I've loved Spey- and Dee-flies ever since I began flyfishing and flytying. The sleek profiles, the long, flowing hackles and the low set wings just appeal to me. And it's a good way of getting into tying classic salmon flies. I know these are not "full dressed" as for instance a classic Jock Scott which has, I think, 23 different materials in it (more or less). And many of these are from protected species and if you can find them legally, they cost about the same as a Hot Torpedo. Even the substutues are expensive as some are man-made and very time consuming to get right.
The Spey- and Dee-flies are simpler with fewer different materials where most are more or less common. A few materials might be hard to get - white turkey in the proper quality for instance. If you can find it, it's pricey, but not over the top. Heron hackles are rare to find in stores in good quality, but at least here in Denmark, fish farmers are alloweed to shoot them, so you can sometimes get your hand on a bord there and pluck the suited hackles. Dyeing them is not that hard. Other than that, mahy are tied with cock hackles, seals' fur, silks, standard ribbing materials etc. A few require special-very-hard-to-get materials, like kite feathers for wings and such, but substitutes are available.
The hard part in these flies are the wings. I've written about my exploits in to the low set Spey wings made from mallard flank, which are notorioulsy hard to get right (unless you're Davie McPhail who just throws them on and somehow gets them perfect). There are a few tricks that make it easier and once you know them, it's a simple matter of practice.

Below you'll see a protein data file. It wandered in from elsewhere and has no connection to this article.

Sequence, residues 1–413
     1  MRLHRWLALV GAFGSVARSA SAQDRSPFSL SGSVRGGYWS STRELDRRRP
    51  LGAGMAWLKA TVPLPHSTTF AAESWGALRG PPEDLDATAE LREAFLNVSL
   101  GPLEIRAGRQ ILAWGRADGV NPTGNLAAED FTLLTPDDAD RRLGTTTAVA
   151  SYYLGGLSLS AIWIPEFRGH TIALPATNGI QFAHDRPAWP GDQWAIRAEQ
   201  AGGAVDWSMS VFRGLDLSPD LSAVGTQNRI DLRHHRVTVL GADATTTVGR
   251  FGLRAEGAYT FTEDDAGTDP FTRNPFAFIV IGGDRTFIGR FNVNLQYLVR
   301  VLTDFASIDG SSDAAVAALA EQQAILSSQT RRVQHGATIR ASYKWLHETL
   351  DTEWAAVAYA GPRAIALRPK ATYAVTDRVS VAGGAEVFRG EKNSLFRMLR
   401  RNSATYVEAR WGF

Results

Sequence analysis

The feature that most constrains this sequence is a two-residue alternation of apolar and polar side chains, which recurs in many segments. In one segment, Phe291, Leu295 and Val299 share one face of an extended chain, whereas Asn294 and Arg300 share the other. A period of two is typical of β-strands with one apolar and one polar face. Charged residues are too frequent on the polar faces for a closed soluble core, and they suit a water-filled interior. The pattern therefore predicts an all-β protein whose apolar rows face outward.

I've now set my mind on tying a few perfect Dee-flies. Dee-flies sport strip-wings, often of turkey but there are others as well. So I began by visiting my friend, Jens Pilgaard, who's tied classics for many, many years to an international standard (he has the diplomas to prove it) and he gave me a few pointers on getting the strip wings right. In many ways the technique is similar to that of the mallard wings.
Whether you prefer the flat-flat or semi-flat/semi-roof-domed is a matter of taste (although there might be "rules" I don't know of yet), but I prefer the latter. I think it looks better on a display fly, so that's what I'm trying to achieve. I chose to start with the Ackroyd as tied by Ackroyd (there are several versions), because it's probably the most iconic of the Dee strip wings, and to be honest, only the wing is th really hard part.
So - as you can see on the image, I'm getting there, although I'm not satisfied yet. But that's the whole point - in tying, casting, fishing... Setting a new goal and reaching it to an acceptable standard. And I will be fishing these - no doubt. The fly in the picture is a "small" 2/0. A big challenge in these flies is getting hooks that are large enough to suit the long heron hackles.
So an Ackroyd by Ackroyd is my New Year's greeting to you all, and also my NY-resolution - to get one right, just right, and then tie 10 of then and move on to something else :-).
Have a great weekend - and a great Year - see you in 2017!